lower tusks. Some varied by the difference in tooth shape, again, a 
feeding adaptation. Though it is easy to say the Alligator is unchanged 
over millions of years, we have to look at this one closer as well. The 
genus Alligator is a fairly recent 20-30 million year old branch off the 
crocodilian family. Yes, for millions and millions of years, the 
standard living crocodilian body shape is relatively unchanged for the 
most part. If we could go back to the time of the dinosaurs, well over 
65 million years ago, one could easily identify crocodilians living 
then. But, looking at the fossil record, and even living representatives 
of crocodilians, this group, like elephants, experimented with various 
adaptations over time. One good example living today would be the 
gharial, a crocodilian that has a very long, very skinny snout lined 
with thin, needle like teeth. (most other crocodile teeth are pretty 
blunt). The gharial's adaptation suits it well for quick maneuvers in 
water, and capturing swift moving slippery fish, on which it feeds 

>Just to add fuel to the fire: I heard awhile back that some
>scientists hypothesize that basically all species alive today have
>always been around and other, less flexible cousins became extinct
>for various reasons over time.  Perhaps most ancient plants and
>animals will always be unknown due to fossilization never occurring
>or never being found.  We may have only discovered a tiny amount of
>species that have existed and just got lucky with what we have.
>Scientists can't even agree on the dating methods of fossils.  In
>any event, I don't think we'll ever know for sure. 
Very true!!!!  We can only make "educated" guesses based on what little 
evidence we have, and what seems remotely plausable, assuming the 
evidence is being analyzed correctly. Our knowledge has changed so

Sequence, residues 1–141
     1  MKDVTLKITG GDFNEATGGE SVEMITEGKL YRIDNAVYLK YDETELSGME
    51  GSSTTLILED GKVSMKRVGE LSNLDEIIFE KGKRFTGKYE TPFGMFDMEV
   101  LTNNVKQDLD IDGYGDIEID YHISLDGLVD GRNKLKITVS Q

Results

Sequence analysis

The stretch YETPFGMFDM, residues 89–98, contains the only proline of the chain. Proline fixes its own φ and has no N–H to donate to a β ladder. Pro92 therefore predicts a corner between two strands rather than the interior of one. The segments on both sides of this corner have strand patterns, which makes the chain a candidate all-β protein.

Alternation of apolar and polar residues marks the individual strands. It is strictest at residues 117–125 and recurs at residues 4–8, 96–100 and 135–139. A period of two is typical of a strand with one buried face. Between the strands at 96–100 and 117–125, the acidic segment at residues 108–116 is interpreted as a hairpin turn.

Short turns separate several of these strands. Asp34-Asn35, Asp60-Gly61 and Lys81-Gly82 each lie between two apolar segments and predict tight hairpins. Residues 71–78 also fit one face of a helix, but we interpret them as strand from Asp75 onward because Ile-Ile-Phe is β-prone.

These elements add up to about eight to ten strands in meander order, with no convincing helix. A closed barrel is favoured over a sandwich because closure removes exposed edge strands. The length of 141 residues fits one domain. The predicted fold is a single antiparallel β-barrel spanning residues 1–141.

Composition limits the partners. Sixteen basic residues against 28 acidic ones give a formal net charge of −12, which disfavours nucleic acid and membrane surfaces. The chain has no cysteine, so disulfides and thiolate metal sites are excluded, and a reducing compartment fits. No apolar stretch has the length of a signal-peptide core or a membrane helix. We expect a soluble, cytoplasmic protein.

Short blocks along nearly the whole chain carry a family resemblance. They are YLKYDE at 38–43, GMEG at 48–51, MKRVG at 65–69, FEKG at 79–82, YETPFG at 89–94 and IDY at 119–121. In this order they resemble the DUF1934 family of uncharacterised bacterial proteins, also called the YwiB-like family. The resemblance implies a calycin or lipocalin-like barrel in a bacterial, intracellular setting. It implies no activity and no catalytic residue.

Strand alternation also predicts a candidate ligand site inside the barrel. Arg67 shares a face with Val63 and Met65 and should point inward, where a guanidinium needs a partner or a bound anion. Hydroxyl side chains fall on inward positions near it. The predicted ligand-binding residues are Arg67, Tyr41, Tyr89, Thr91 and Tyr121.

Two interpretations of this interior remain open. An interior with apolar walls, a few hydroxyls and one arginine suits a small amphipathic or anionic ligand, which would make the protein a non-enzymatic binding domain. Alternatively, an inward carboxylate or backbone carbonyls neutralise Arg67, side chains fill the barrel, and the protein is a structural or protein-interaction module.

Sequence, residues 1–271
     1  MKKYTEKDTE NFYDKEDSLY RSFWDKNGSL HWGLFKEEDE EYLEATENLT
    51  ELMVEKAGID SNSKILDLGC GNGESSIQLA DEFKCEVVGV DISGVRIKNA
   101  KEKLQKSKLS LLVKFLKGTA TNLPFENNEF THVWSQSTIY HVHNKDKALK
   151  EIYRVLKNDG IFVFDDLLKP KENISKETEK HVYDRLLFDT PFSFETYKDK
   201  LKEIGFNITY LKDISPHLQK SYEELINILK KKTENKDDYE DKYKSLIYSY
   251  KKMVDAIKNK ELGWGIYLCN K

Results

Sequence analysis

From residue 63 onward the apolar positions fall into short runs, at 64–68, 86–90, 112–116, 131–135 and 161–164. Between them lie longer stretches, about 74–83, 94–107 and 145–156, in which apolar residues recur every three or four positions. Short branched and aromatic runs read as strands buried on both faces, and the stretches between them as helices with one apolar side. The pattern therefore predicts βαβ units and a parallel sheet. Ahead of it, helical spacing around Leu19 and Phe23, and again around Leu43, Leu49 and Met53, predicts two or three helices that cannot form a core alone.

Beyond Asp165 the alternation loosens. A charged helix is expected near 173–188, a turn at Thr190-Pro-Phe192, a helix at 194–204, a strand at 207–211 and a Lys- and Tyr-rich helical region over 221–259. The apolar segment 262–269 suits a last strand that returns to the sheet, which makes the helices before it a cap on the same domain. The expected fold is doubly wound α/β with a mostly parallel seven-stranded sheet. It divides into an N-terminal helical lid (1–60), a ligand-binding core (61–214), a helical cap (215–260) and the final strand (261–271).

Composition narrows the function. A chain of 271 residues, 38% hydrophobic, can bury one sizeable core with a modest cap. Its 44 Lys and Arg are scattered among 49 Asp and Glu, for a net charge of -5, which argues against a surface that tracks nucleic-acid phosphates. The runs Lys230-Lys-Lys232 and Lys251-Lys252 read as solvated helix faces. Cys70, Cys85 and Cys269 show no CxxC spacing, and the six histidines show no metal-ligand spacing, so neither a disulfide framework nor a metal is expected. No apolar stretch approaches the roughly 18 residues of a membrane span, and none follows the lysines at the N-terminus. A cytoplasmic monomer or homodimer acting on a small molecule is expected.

dramatically over the past century with regard to our understanding of 
fossil and living organisms. Views of prehistoric beasts in the late 
1800s are so different, and often seemingly ridiculous compared to 
modern interpretations. Perhaps in another hundred years, humans will be 
looking at the theories of today and laughing at our misguided views of 
the world around us. At the same time, not knowing an organisms origin 
or how it works only adds to its mystique and uniqueness, and therefore 
it gains greater appreciation to those who become aware of its presence.


One might consider the genus Anthurium to be a large scale evolutionary 
experiment. There are so many species in this genus with a huge 
diversity of leaf shapes and habits. Perhaps this group of plants is 
trying to figure out what is sucessful and what isn't. In a discussion 
on this list several months ago about Philodendron espiritus-sanctii, it 
was mentioned that this beautiful plant with its overly exaggerated 
leaves was known in habitat by only a handful of individuals. Though 
most people instinctively blamed human greed and habitat destruction for 
this, I think someone suggested it may have been rare in nature for 
other reasons, and questioned putting this plant into tissue culture, if 
it was something that was naturally fading away because it wasn't meant 
to be. Perhaps this is an example of a plant that was attempting to 
adapt to its conditions but was unsucessful.

Adam Black

 © 1995-2015 Mallorn Computing, Inc.All Rights Reserved.
Our Privacy Statement
Other Mailing lists | Author Index | Date Index | Subject Index | Thread Index